A cyclist has been taken to an area hospital in critical condition after crashing into an open car door in northwest suburban Arlington Heights, IL. The incident highlights the dangers of being doored on a bicycle, particularly in densely populated urban areas.
Cyclist in Critical Condition
On September 4, 2018, at approximately 11:55 a.m., an unidentified 63-year-old man was riding his bicycle southbound on Dunton Avenue from Thomas Street in Arlington Heights. At that time, the owner of a parked 2015 Kia Optima was retrieving items through the vehicle’s open door. The cyclist was then “doored” when he crashed into both the door and the motorist.
The cyclist, whom authorities say was not wearing a helmet, suffered severe injuries in the crash. He was taken to Advocate Lutheran General Hospital in Park Ridge, where he remained in critical condition as of the following afternoon. The owner of the Kia was reportedly not hurt.
An investigation into the cause of the bicycle crash was still ongoing when the news first broke.
More Cycling, More Crashes
In the increasingly densely populated Chicagoland area, where vehicular traffic can come to an agonizing standstill during peak travel times, more and more city dwellers have turned to bicycles to make their way from Point A to Point B. According to census figures, the percentage of Chicagoans riding their bicycles to work rose from 0.7 percent in 2005 to 1.8 percent in 2015.
Many recent developments in the city have likely contributed to this spike in cycling, including the installation of protected bicycle lanes, the ubiquity of the bicycle-sharing service Divvy, and an ongoing test run of so-called “dockless” sharing. Perhaps because of the confluence of these factors, Bicycling Magazine named Chicago the “Best Bike City” in the United States in 2016.
But this rise in Chicagoland cycling brings with it increased risk. More bicycles on the road could understandably lead to a greater frequency in bicycle accidents – a supposition borne out by statistics. According to the Illinois Department of Transportation (IDOT), crashes involving bicycles increased in 2015, up to 1,720 compared to 1,634 the previous year.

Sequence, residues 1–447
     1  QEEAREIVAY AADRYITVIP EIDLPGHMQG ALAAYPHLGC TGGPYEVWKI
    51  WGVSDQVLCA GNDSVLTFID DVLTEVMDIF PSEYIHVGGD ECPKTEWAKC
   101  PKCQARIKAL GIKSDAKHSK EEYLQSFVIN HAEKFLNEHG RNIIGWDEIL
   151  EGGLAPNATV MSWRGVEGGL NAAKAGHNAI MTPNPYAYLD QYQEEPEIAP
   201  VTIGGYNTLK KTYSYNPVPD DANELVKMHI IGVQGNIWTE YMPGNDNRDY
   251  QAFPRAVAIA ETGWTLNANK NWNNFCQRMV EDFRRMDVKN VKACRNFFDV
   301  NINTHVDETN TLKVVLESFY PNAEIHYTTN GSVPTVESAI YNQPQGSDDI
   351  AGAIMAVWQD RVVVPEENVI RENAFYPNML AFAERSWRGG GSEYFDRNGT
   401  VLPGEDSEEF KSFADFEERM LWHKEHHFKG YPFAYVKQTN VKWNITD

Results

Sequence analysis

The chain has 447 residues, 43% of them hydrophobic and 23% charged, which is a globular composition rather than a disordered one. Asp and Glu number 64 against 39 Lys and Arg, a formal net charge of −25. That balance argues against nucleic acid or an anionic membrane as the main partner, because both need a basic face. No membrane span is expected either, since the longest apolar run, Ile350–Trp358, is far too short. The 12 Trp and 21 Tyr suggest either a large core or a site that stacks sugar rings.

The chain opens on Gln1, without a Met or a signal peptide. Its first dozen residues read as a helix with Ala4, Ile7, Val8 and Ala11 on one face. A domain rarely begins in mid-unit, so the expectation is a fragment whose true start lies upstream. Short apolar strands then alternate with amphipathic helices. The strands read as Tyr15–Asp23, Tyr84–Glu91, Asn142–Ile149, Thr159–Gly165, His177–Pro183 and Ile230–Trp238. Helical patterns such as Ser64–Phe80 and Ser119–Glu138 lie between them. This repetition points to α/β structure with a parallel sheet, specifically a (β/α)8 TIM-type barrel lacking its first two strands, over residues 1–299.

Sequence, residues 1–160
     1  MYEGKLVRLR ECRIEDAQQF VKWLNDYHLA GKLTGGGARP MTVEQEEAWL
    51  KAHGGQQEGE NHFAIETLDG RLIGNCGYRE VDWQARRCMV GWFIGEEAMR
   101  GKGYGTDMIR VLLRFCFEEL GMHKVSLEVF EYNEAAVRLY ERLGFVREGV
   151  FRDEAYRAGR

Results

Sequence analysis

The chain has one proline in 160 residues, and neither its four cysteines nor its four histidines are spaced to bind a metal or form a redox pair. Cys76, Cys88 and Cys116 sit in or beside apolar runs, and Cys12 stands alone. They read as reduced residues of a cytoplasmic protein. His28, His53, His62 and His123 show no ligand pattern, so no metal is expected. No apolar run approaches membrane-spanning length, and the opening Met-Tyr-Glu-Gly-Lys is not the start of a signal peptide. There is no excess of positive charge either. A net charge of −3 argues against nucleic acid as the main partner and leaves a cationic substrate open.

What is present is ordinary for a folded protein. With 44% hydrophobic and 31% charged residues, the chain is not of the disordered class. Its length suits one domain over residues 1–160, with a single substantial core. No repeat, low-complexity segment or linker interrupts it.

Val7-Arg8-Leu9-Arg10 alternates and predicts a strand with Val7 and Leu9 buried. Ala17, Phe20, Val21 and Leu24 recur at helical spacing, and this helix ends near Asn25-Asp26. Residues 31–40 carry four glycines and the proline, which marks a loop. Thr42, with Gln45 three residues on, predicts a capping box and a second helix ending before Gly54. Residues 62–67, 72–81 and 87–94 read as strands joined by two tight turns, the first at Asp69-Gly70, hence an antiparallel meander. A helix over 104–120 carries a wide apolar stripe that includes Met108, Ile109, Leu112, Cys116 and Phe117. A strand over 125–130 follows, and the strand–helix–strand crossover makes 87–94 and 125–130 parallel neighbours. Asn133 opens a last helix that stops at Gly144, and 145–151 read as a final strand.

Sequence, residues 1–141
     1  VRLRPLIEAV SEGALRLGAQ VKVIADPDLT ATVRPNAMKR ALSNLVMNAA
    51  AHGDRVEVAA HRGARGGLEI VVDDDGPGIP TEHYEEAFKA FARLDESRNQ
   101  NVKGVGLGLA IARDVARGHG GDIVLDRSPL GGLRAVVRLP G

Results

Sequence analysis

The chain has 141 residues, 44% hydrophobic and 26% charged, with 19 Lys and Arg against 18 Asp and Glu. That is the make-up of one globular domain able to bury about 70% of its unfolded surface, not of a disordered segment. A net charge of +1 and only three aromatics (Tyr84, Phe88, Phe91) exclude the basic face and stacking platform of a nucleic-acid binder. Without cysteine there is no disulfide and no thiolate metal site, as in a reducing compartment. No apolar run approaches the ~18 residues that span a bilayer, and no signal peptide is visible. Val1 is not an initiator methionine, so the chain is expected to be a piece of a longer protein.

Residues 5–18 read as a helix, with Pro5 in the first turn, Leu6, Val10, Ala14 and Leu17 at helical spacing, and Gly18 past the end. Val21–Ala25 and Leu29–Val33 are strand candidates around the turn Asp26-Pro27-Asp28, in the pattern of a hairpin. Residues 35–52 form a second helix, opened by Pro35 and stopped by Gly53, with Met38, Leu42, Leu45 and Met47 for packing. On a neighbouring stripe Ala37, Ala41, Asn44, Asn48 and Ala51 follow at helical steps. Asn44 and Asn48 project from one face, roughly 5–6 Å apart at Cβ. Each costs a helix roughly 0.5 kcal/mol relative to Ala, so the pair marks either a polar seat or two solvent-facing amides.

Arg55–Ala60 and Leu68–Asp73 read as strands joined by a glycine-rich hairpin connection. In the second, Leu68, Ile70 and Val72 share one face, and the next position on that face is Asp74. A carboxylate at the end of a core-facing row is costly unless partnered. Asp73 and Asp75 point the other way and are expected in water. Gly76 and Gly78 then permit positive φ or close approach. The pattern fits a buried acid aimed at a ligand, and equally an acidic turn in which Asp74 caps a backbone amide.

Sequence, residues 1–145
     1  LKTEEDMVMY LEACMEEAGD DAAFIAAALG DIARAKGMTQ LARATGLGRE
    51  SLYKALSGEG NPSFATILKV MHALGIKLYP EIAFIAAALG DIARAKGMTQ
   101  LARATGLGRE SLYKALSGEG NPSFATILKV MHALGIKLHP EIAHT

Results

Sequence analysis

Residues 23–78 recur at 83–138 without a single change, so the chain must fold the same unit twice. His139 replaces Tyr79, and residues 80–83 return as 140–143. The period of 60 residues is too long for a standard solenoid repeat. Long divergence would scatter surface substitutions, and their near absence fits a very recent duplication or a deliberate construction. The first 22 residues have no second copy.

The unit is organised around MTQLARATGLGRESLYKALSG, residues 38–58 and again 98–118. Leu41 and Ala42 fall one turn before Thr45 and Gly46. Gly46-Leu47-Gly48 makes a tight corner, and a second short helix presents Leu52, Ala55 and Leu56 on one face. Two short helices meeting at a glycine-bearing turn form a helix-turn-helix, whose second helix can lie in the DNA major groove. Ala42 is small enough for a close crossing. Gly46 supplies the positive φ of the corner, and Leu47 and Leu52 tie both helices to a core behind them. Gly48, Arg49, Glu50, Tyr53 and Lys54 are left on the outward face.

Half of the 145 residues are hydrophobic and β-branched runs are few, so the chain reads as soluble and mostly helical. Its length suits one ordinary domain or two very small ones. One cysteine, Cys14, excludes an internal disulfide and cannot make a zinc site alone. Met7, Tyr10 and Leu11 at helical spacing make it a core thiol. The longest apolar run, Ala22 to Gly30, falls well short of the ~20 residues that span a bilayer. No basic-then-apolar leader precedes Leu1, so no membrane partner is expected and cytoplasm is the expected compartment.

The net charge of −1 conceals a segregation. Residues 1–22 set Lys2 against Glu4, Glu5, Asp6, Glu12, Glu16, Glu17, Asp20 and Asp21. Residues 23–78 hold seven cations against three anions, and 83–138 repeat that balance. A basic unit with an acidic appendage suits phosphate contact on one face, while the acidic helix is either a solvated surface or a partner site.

These numbers are especially troubling because crashes on bicycles are potentially more dangerous than crashes in other forms of transportation. With no protective metal frame, as in cars and trucks, a cyclist is more exposed to direct contact with other vehicles, obstacles, and the road itself, so he or she could face a greater likelihood of serious injury in a collision or some other mishap.
When Doored on a Bicycle, Injury Is the Norm
One type of serious bicycle accident that is becoming increasingly more common is one in which a rider is doored on a bicycle.
“Dooring” occurs when a cyclist crashes into an open car door. Even if the cyclist manages to avoid striking the door head on, he or she could still face serious injury from swerving into traffic or tipping over and crashing onto the pavement. In fact, in cases in which someone is doored on a bicycle, expect injury to be the norm, not the exception: One Illinois study found that over eighty percent of reported dooring accidents resulted in injury to the cyclist.
Perhaps unsurprisingly, Chicago riders have increasingly fallen victim to being doored on a bicycle. According to IDOT, there were 302 Chicago dooring crashes in 2015, up nearly 50 percent from the 203 cases reported in 2014.
Chicago Bicycle Accident Lawyers
So what happens if you have been doored on a bicycle and sustained serious injury? Theoretically, the law may be on your side.
In nearly all Illinois dooring cases, the person who opened the vehicle door is at fault, particularly in Chicago, where that person would likely have violated local law. According to the Municipal Code of Chicago, § 9-80-035:
No person shall open the door of a vehicle on the side available to moving traffic unless and until it is reasonably safe to do so, and can be done without interfering with the movement of other traffic, nor shall any person leave a door open on the side of a vehicle available to moving traffic for a period of time longer than necessary to load or unload passengers.
Of course, the fact that the person who opened the door is likely at fault does not mean that his or her insurance company will not argue the opposite – namely, that you were at fault for the crash. In these sorts of dooring incidents, in which there may have been no witnesses and no law enforcement present, the situation may quickly devolve into an “I Said, You Said” scenario. Moreover, since the person who is doored on a bicycle is more likely to have suffered significant trauma in the incident, your ability to accurately recount what happened may have been impaired, giving the insurance company more leeway to deny liability.
Given the challenges involved in pursuing a personal injury claim following a dooring incident, many injured parties find that they might benefit from experienced legal representation, such as the representation provided by the Chicago bicycle accident lawyers at GWC Injury Lawyers.
With over $2 billion recovered for our clients and offices throughout the state, GWC is Illinois’ largest Personal Injury and Workers’ Compensation law firm.<< BACK TO BLOG POSTS